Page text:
Perhaps this post has given you food for thought for your current, future or someday modelling. The old paradigm was loops of track not extending beyond the layout. Modelling interchange operations expanded the layout purpose. Adding backdrop structural flats, scenery and printed photo backdrops further extends the layout visually whether at MICRO track level or at higher MACRO level!

Running extra...

COVID losses. Be it international travel, jobs or stability in daily lives, there are non-medical collateral damages that are happening every day. CP's Holiday Train, Napanee and Kingston train shows, and now the resumption of VIA's Canadian service are delayed this fall and winter. VIA's fall colours are mostly red and orange:
VIA produces some platitudes in today's press release about why service resumption, scheduled for November 1, is being delayed with no new resumption date. Knowledgeable enthusiasts point to Amtrak long-haul service. Clearly, the Canadian relies on international travellers, including those from the U.S. for its ridership. Actual transportation for actual Canadians to a much lesser extent, perhaps moreso on the Ocean.

This has not stopped me dreaming about cross-country U.S. tours: 
  • Presidential Libraries - to see what real leadership looks like.
  • Railfan B&B's - where morning coffee is enjoyed on a trackside verandah 
  • Railfan Viewing Platforms - scanner feeds and shade, probably junk food.
  • Select Railway Museums - wallowing in nostalgia!


chris mears said...

I sure enjoyed reading this post. You're absolutely right that backdrops are more layered than just the two dimensional form pasted to the wall. That, when looking at the scene, everything that is beyond what our attention is focussed on is a backdrop. In the yard, we have the train we are working on and every siding of cars behind it is the backdrop.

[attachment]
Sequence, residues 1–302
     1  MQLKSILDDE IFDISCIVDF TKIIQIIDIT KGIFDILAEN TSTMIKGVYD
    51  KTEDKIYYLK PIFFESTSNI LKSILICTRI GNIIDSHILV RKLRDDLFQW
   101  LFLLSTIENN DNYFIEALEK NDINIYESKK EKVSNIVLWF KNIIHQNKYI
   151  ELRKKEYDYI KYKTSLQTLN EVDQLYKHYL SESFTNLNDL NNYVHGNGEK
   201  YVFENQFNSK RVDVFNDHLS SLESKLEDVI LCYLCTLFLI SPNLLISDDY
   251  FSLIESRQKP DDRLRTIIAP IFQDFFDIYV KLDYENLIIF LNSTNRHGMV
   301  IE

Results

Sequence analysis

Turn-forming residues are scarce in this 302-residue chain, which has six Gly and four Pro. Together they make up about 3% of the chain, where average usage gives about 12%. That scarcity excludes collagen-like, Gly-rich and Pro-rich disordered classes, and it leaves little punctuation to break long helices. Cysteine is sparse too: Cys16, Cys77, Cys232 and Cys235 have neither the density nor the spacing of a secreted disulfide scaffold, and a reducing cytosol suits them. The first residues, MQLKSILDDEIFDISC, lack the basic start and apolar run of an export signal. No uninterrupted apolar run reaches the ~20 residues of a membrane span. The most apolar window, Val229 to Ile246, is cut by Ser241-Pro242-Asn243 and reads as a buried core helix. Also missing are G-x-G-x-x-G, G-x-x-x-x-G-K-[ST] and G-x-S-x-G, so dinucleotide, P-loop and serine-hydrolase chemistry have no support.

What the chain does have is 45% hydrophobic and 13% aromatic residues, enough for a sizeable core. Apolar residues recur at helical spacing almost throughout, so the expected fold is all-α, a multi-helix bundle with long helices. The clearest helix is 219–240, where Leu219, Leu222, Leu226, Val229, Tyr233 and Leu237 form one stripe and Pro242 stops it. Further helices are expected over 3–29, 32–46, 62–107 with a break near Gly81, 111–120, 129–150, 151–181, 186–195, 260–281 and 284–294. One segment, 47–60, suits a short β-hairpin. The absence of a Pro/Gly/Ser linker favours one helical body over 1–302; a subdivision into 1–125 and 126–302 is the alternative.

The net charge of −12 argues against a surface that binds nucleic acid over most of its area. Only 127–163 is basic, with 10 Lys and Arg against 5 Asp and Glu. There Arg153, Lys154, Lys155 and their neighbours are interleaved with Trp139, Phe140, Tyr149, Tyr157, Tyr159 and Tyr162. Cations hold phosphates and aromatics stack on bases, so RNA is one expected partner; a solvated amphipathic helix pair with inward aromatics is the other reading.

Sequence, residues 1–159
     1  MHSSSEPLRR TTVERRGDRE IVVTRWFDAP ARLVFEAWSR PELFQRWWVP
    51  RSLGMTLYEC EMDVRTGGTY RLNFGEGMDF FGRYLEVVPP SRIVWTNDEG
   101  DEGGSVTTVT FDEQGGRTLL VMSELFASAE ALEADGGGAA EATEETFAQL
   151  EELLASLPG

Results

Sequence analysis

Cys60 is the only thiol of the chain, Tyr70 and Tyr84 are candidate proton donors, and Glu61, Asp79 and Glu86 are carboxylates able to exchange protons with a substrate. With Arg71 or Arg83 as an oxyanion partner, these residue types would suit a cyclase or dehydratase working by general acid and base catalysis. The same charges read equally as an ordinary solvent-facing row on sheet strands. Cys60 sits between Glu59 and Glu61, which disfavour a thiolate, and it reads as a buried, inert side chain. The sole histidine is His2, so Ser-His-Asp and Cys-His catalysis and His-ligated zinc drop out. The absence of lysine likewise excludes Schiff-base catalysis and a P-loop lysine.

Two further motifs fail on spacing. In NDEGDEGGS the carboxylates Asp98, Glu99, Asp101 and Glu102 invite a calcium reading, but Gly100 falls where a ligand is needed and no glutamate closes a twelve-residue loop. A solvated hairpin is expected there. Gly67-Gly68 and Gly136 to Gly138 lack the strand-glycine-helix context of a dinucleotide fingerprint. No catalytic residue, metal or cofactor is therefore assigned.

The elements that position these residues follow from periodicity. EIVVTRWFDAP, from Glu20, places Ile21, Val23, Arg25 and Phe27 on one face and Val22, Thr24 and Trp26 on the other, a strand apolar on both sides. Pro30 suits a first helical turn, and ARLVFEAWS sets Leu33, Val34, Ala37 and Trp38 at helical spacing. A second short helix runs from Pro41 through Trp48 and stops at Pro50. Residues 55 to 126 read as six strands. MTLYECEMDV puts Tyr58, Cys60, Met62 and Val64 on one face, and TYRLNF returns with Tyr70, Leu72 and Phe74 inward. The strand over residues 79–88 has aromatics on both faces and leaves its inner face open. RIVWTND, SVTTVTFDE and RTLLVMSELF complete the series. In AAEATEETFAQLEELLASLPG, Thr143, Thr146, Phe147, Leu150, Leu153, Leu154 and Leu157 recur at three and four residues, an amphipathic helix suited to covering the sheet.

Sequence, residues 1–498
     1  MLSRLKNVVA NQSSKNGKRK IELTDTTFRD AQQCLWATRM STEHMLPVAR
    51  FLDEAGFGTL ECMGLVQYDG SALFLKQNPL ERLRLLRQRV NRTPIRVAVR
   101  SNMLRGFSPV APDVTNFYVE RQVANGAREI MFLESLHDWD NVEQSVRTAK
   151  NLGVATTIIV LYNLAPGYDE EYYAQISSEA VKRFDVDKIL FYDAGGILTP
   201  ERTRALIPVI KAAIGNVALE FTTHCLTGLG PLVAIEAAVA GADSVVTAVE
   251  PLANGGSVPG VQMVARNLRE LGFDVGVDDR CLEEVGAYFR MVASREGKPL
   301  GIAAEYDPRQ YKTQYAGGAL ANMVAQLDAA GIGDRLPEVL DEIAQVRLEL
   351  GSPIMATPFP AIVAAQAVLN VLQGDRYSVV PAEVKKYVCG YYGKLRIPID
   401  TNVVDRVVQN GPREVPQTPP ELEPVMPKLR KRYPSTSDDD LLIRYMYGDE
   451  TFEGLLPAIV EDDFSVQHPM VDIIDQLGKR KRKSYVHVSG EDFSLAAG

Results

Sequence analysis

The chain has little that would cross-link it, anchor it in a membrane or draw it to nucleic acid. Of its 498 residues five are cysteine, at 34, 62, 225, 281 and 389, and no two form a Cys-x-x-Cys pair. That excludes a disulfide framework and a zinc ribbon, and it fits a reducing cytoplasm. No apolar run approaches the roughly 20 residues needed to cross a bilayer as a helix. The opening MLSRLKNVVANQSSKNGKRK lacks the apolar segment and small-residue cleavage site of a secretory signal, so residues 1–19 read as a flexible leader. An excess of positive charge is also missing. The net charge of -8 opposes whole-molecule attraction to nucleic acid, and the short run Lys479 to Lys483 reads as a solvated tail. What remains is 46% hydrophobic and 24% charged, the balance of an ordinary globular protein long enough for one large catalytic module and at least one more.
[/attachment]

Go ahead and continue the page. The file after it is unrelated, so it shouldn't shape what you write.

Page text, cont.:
How we use backdrop is a way of informing the viewer too. If we're shunting cars in the yard the cars in those background are both a scenic backdrop for our work but communicate context by the way they relate to the cars in our train. If our train is mostly CN cars but the ones on the other three tracks are all CP their backdrop creates a context for what we're doing. The same for that environmental context like what you shard in your post where layers of buildings and details become the context of the scene.

That backdrop is a connection point too. Like how we'd use hidden staging to be a place where trains from away hide offstage the backdrop is a connection point to the world beyond what we have on the table in front of us.


Eric said...

You raise an interesting point, Chris. A side-by-side CN/CP interchange like Paddington in Winnipeg would be neat. If you're working CN, but see CP in the background, an interchange track next to the backdrop would be the perfect setting for a backdrop and making it believable.

I think the hobby is just waking up to the potential of backdrops, as they did staging, interchanges, industrial switching layouts and many more new trends!

Thanks for your comment,